Still, there is plenty enough sea ice for polar bear hunting: this is the beginning of the critical feeding time for all polar bears (see here and here), but especially for the survival of new cubs-of-the-year, so I have a few words about Western Hudson Bay cubs below.

Have a look for yourself.
Update: Added 20 March 2015, comparison maps from Cryosphere Today for 2006 vs. 2015.
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No evidence of actual damage to polar bear brains from environmental contaminants

Earlier this year we had polar bear penis bones supposedly breaking due to environmental toxins; this week we have their brains damaged.

The March 15 ScienceNordic story (“Chemical pollution is causing brain damage in polar bears”) came complete with a photo of a bear (copied below, provided by research co-author Rune Dietz) that is presumably meant to convey what a “brain damaged” polar bear might look like — if not, perhaps another photo would have been a better choice?

Polar bear looking brain damaged Rune Dietz photo Science Nordic

Except, the research only showed there theoretically might be damage but the researchers didn’t bother looking for it before shouting out their findings. All about the scary message, these folks: the very large uncertainties and speculation in their research be damned.
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Tracking polar bears in the Beaufort Sea – February 2015 map

Here is the February 2015 follow-up to my post on the July 2013 track map for female polar bears being followed by satellite in the Beaufort Sea by the US Geological Survey (USGS) – “Ten out of ten polar bears being tracked this summer in the Beaufort Sea are on the ice.”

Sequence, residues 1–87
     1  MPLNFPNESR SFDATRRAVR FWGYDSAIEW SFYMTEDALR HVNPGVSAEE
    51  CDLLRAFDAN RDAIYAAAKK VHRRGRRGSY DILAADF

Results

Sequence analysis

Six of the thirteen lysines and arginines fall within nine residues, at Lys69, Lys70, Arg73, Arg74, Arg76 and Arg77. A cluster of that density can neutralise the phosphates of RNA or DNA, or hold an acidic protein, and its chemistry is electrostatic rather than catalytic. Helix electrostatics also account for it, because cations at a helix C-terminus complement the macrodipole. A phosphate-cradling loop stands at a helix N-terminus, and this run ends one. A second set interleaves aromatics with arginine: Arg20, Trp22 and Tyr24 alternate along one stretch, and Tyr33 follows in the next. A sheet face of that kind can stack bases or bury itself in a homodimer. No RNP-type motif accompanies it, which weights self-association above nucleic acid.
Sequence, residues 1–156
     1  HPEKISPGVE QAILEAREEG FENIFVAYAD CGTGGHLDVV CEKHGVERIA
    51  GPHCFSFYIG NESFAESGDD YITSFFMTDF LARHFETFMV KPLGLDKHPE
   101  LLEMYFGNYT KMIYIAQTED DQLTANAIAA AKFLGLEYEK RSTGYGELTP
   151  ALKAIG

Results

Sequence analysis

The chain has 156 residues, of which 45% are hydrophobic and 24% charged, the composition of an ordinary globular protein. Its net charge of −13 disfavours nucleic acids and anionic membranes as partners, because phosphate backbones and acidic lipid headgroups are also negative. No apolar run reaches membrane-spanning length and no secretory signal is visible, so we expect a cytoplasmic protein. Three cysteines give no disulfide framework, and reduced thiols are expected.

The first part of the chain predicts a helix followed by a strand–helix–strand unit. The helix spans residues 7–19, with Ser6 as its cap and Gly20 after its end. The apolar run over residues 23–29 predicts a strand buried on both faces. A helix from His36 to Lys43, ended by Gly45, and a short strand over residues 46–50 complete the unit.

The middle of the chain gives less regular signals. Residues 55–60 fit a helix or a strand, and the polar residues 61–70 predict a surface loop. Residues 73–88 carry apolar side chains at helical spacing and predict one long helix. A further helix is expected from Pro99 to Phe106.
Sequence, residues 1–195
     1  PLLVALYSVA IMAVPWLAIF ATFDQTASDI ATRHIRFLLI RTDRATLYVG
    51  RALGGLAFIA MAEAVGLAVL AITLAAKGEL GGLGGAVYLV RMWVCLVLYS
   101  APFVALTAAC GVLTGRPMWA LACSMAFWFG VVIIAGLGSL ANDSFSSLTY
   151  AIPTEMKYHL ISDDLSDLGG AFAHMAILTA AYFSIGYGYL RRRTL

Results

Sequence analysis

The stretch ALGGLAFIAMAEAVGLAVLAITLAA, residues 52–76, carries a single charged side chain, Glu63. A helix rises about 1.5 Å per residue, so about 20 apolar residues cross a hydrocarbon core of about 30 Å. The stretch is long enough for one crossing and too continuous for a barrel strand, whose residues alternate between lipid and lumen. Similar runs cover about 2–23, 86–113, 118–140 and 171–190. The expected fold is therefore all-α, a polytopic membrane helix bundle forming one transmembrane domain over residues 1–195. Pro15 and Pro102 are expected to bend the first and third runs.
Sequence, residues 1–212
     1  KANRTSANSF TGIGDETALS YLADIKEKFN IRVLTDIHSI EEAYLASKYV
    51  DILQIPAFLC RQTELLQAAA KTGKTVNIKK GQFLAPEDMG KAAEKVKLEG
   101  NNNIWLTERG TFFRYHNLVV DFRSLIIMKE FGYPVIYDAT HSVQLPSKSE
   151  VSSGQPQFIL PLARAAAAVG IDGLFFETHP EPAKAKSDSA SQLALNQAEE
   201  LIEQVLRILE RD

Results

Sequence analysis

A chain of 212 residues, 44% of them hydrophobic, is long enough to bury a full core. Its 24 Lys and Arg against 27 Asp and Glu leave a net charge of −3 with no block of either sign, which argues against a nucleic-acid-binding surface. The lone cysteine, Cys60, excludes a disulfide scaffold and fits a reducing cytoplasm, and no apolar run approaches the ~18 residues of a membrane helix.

polar_bear with collar_USGS

See that post for methods and other background on this topic, and some track maps from 2012 (also available at the USGS website here). The USGS track map for February 2015 is copied below.

There were 7 bears in February, up from 6 in January, because one of the bears has re-entered the area from elsewhere. However, many bears from the original sample have either had their collars fail, moved out of the area and stayed out, or they have died. We can’t tell from which of those options, or combinations of them, explain the reduced number still being followed.
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IUCN Specialist Group quietly adds “sea ice changes” to their polar bear status table

In late January, the IUCN PBSG made significant changes to its polar bear status table but did not think it was worth bringing to the public’s attention via a tweet, press release or note on their web site’s home page.

Hudson Bay female with cub_Wapusk_Thorsten Milse_Gov CA

What changes? Well, while the group did not see fit to agree with all of Environment Canada’s assessments (e.g. listing Davis Strait bears as “likely increasing” compared to the PBSG’s “stable”, see full list here), it did upgrade their status of Western Hudson Bay bears to ‘stable’ (which EC did back in June 2014).

More significantly, however, they also added two metrics of sea ice change to their assessment table, presumably because alongside ‘human-caused removals’ (which they also track in their tables)1, sea ice changes are supposedly critical ‘threats’ to polar bear health and survival.

So critical, in fact, that they’ve only just now gotten around to measuring it consistently across polar bear territory. Funny thing is, they cite no document that shows the sea ice change calculations for each subpopulation region, nor who generated them.

Let me be clear: no one has ever generated such a sea ice metric before – it is a unique PBSG construct that you will find nowhere else. By providing no documentation that lays out the calculations for inspection, the PBSG are simply insisting the public accept their unpublished, non-peer-reviewed work on faith. Details below.